Recommended reading: September 3rd, 2018

My latest collection of recommended posts about expatriate life and Third Culture Kids. This week includes topics such as transition, self care, identity, and ordinary expat life.

Dear Parents Launching Your Third Culture Kids
Djibouti Jones
A beautiful piece from the always lovely Rachel, this time describing the emotional storm of dropping her twin TCKs off at university – and leaving them there.
You feel alone. You look at the other parents, the ones who live in the same city or the same state or the same country and you are jealous or angry or feeling protective. You think no one understands all the questions and losses and griefs and fears racing through your mind and heart. You’re confused because no one told you raising TCKs would end up here, would end up with you on the other side of the ocean finally appreciating what you’ve put your own parents through all these years abroad. No one told you this would be harder than moving abroad in the first place.”

Never just a curry
Jo Parfitt
I love this! Food is so powerful – a memory trigger, a comfort, and so relational. In this post, Jo traces her family’s history of curry, across countries and continents – to the excitement of a new discovery.
For most of our 30 years of marriage, ask us what our favourite food is and we’d say Arabic without pausing for thought. But this week it hit me. It’s time we changed our answer – to Indian curry even though we have never lived there. I have not even visited. Curry has been a red thread through our lives abroad.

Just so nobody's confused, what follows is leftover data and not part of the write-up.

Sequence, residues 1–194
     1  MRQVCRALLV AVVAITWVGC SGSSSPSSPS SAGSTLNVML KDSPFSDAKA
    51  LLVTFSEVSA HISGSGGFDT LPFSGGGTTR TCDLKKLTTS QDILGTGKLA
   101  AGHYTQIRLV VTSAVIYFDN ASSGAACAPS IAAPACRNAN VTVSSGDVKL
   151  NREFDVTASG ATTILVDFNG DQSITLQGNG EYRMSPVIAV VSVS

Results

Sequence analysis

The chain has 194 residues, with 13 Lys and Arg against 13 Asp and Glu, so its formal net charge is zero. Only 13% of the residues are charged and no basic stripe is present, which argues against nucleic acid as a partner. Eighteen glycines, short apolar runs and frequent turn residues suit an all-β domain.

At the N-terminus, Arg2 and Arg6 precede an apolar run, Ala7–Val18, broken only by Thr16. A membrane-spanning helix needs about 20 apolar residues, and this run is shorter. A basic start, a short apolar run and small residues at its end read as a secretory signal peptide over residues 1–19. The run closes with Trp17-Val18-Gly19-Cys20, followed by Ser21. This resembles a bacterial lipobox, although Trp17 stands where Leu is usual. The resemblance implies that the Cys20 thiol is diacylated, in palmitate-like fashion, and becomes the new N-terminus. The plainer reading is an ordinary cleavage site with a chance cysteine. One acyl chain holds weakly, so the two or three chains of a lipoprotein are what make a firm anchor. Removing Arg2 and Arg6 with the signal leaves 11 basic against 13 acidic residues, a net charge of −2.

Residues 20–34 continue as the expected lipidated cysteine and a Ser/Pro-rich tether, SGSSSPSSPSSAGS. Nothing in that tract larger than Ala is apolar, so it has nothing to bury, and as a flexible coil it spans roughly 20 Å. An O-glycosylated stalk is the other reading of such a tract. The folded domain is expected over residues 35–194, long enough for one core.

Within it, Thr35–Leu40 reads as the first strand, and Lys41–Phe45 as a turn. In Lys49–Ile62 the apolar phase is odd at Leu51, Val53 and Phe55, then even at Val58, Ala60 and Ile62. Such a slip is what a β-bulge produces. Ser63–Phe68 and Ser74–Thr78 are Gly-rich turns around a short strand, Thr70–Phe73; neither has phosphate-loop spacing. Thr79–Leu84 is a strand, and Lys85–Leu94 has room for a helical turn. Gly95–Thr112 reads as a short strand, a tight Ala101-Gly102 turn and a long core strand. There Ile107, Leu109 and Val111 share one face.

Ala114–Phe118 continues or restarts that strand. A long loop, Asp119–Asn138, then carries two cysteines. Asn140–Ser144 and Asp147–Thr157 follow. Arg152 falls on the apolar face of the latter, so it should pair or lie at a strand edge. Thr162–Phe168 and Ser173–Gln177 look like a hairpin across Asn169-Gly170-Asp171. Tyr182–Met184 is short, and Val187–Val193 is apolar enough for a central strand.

Football, Children, and Culture: Not Just a Game
Multicultural Kid Blogs
In this post a mother of TCKs talks about creating memories for her sons that connect them to the country that formed her, a country they have not lived in. A lovely read.
There are so many memories wrapped up in Watford football matches for me. And as I sit next to each of my sons on the terraces where those memories were made I am carefully unwrapping some of them and passing them to my sons for safe keeping. At the same time, my dad and I are making childhood memories for my sons – ones they will never forget. . . It’s hard for my children to imagine I had a life elsewhere before I ‘turned Dutch’. These trips are a small window into that life. They see the town I used to live in, they see a part of the life I had before I moved to the Netherlands and became their mother. They get a glimpse of the culture that has formed me, and them too.

6 Essential Practices for Hard-to-Reach Stressors
World Tree Coaching
Another great post from Jodi, this time exploring background stress and what we can do about it. This all rings very true for me at the moment! Life overseas pretty much IS background stress. There are so many little things that are different or difficult, so many small uncertanties and stressors, and they all add up. Background stress is one of those things we slowly adjust to until we’re drowning and don’t quite know why. The self reflection required to keep on top of this, to recognise the background stress of life in a different setting, takes a lot of conscious effort.